It would be in the best interests of the nation for Washington to admit the full magnitude and scope of the problems now, so consumers can take the necessary steps to shield themselves from further devastation. But that’s not the way things are done in America. The people come last.

Because I expect to see short periods of deflation mixed in with a longer period of significant inflation (but not hyperinflation), I’m going to give you a general investment game plan so you can handle periods of inflation and deflation.

Investment Strategy for Inflation: oil, commodities, real estate and TIPS (if Washington finally decides to accurately report inflation)

In terms of inflation, oil is the best hedge you can get; specifically, oil securities that pay good dividends like oil trusts and MLPs. Dividend-bearing securities are the most important investment to own during bear markets. And oil is the best asset to own during inflation.

 

Commodities generally provide a good hedge against inflation. But oil is much better because it's more than a commodity. It’s got the dollar-oil link going for it that’s so critical to the U.S. economy. As I discussed in America’s Financial Apocalypse and many times since, this vital economic link enables the U.S. to export inflation throughout the globe.

But let’s assume a magical fantasy occurred; the U.S. experienced hyperinflation. Oil would eventually soar to millions or even billions of dollars per barrel.

So if anything, investors should want to own oil because it serves as the best hedge against inflation. The next best things to have if hyperinflation were to occur would be food, water, guns and bullets, but not gold.

Investment Strategy for Deflation: cash, CDs, and select stocks

While inflation and deflation are generally bad for stocks and bonds, most experts contend that inflation is worse for bonds than stocks. Meanwhile, they also claim that deflation is worse for stocks than bonds. These are generalizations that can actually cause you to lose a lot of money if you’re not careful to dissect precisely what’s going on.

For instance, if bonds are purchased during an inflationary period after interest rates have risen significantly (in response to inflation) they can provide excellent returns. If bonds are purchased prior to heightened inflation, the low dividend won’t be adequate to neutralize the effects of inflation.

Well-managed bond funds can dampen the effects of inflation on diminished returns through prudent management of the yield curve and other prognosticators of rising interest rates.

However, open-end bond funds have excessive fees. I prefer to invest in closed-end bond funds because they have lower fees and more transparency. However, they are not without their own unique risks.

While deflation typically crushes stock values due to diminished revenues, I would expect certain companies to be able to mitigate this effect.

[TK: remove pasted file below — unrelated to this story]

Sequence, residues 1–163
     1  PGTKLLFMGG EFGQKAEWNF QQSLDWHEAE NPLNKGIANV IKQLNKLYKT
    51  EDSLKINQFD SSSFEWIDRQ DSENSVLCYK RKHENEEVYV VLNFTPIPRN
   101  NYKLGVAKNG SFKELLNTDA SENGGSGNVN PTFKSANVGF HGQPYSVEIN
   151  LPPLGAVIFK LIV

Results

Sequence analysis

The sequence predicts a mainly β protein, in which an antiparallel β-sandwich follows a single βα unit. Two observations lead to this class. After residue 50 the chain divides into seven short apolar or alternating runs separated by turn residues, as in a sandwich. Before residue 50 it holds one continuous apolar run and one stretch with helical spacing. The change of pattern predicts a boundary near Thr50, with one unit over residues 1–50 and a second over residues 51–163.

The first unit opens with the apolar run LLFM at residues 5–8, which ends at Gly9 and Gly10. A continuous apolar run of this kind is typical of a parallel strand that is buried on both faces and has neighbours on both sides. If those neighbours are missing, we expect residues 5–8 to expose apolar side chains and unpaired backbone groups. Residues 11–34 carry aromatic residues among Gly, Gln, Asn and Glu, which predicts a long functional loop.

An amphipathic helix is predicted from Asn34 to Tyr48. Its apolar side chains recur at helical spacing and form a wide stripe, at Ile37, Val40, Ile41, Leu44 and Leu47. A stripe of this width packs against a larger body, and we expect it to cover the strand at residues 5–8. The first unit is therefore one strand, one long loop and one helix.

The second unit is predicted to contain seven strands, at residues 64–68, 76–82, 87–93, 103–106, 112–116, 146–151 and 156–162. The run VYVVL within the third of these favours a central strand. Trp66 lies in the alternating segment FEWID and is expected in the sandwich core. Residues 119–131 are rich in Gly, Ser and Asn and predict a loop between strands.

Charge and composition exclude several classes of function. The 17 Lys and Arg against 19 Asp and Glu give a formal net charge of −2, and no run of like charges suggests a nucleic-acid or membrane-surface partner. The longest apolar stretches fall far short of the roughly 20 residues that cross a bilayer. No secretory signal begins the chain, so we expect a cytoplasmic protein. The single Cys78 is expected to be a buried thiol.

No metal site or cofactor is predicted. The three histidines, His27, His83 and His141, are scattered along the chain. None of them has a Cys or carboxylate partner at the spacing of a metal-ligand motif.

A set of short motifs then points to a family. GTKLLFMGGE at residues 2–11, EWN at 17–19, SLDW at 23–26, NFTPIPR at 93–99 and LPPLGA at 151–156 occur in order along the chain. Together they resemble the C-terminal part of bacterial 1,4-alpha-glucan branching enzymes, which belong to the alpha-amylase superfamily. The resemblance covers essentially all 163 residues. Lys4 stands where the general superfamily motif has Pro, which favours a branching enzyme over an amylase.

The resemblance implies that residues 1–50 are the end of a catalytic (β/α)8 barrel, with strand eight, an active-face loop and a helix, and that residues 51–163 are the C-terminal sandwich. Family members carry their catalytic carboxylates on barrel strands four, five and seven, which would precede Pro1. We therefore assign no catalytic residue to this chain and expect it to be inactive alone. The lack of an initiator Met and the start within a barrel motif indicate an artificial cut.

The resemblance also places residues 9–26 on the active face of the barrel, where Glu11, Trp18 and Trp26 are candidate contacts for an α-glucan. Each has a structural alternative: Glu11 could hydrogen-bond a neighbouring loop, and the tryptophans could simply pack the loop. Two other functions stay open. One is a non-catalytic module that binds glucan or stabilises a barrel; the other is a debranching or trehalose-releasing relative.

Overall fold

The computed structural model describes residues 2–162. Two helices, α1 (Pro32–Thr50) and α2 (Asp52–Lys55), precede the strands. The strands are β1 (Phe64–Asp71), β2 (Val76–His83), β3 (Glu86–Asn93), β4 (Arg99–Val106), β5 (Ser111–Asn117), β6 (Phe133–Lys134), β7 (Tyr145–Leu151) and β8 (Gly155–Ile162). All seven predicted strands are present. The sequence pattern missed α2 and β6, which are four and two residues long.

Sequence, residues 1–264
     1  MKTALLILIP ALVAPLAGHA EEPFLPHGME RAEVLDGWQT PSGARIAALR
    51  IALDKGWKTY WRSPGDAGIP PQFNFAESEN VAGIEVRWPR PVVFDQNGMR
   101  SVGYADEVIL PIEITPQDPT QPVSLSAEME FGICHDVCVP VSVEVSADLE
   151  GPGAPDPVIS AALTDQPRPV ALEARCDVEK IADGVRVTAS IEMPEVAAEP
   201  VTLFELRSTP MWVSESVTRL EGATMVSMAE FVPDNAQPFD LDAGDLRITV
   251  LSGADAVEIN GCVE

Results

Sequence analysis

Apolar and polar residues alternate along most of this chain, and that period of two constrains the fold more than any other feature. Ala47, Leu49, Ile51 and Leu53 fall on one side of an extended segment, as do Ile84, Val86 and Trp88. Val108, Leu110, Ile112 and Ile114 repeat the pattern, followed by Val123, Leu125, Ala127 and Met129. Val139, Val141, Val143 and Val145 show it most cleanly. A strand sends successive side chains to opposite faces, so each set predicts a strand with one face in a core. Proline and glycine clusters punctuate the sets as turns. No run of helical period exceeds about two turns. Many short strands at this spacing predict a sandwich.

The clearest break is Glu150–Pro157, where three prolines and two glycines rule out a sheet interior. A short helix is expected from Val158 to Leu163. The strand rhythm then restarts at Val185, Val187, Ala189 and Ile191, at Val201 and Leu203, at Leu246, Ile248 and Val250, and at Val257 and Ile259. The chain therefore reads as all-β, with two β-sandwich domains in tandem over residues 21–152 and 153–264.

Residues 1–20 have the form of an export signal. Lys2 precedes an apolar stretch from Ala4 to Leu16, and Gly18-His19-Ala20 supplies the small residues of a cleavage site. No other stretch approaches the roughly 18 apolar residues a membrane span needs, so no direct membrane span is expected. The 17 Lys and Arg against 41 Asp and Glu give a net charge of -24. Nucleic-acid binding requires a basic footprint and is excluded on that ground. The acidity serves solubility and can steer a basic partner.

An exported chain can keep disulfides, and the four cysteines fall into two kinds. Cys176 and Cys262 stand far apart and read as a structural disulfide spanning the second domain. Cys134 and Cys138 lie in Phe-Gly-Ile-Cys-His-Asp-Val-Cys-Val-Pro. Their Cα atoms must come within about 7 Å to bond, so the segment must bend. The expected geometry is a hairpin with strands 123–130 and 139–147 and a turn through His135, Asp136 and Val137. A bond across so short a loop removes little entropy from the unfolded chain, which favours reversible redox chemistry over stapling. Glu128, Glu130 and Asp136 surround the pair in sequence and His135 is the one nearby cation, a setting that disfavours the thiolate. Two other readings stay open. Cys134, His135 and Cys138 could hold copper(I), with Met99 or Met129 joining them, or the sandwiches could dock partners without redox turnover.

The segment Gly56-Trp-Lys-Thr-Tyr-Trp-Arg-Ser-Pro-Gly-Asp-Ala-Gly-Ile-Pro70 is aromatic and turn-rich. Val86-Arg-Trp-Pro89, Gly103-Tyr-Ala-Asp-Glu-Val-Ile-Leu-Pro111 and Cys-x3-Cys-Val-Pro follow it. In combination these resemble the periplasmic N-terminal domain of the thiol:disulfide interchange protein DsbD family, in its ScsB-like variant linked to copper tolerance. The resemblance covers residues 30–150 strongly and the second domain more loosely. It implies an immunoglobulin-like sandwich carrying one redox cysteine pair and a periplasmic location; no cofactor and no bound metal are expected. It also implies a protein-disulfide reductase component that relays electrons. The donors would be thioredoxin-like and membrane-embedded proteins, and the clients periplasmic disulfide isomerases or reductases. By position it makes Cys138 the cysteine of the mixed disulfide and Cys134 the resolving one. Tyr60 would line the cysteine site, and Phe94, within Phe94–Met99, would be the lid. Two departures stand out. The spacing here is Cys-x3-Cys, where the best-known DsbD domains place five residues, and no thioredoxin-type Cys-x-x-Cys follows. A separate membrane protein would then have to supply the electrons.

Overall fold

Defensive industries such as consumer staples, healthcare, and others are likely to outperform the broad market during deflationary conditions because consumers must buy these items. Other companies are positioned in the sweet spot because they have established virtual monopolies and can raise prices leaving consumers with few alternatives.

 

The point is that you must understand precisely what’s going on in the economy. You must also understand how each company makes money and identify methods companies have to mitigate the effects of deflation. Finally, valuations matter because securities pricing is directly related to investment risk.

Finally, the most important skill investors can have to navigate this long period of economic turmoil and market volatility will be market forecasting. Granted, this is an extremely difficult task for even the most seasoned investors.

 

At AVA Investment Analytics, we advise financial institutions, financial advisers, corporations and venture capital firms. We do research full time for a living. We do not sell securities or gold, so we have no agendas.

 

If you want the unbiased truth, world-class research and guidance covering economic analysis of the U.S. economy and the global economy, U.S. stock market forecasts for the U.S., China, India, Brazil, securities analysis, foreign currency forecasts, top-notch investor education, you should subscribe to the AVA Investment Analytics newsletter today. We provide one of the most comprehensive and insightful investment newsletters in the world. More important, we get things right, ahead of time. www.avaresearch.com


2

By Mike Stathis

www.avaresearch.com

Copyright © 2010. All Rights Reserved. Mike Stathis.

Mike Stathis is the Managing Principal of Apex Venture Advisors , a business and investment intelligence firm serving the needs of venture firms, corporations and hedge funds on a variety of projects. Mike's work in the private markets includes valuation analysis, deal structuring, and business strategy. In the public markets he has assisted hedge funds with investment strategy, valuation analysis, market forecasting, risk management, and distressed securities analysis. Prior to Apex Advisors, Mike worked at UBS and Bear Stearns, focusing on asset management and merchant banking.

The accuracy of his predictions and insights detailed in the 2006 release of America's Financial Apocalypse and Cashing in on the Real Estate Bubble have positioned him as one of America's most insightful and creative financial minds. These books serve as proof that he remains well ahead of the curve, as he continues to position his clients with a unique competitive advantage. His first book, The Startup Company Bible for Entrepreneurs has become required reading for high-tech entrepreneurs, and is used in several business schools as a required text for completion of the MBA program.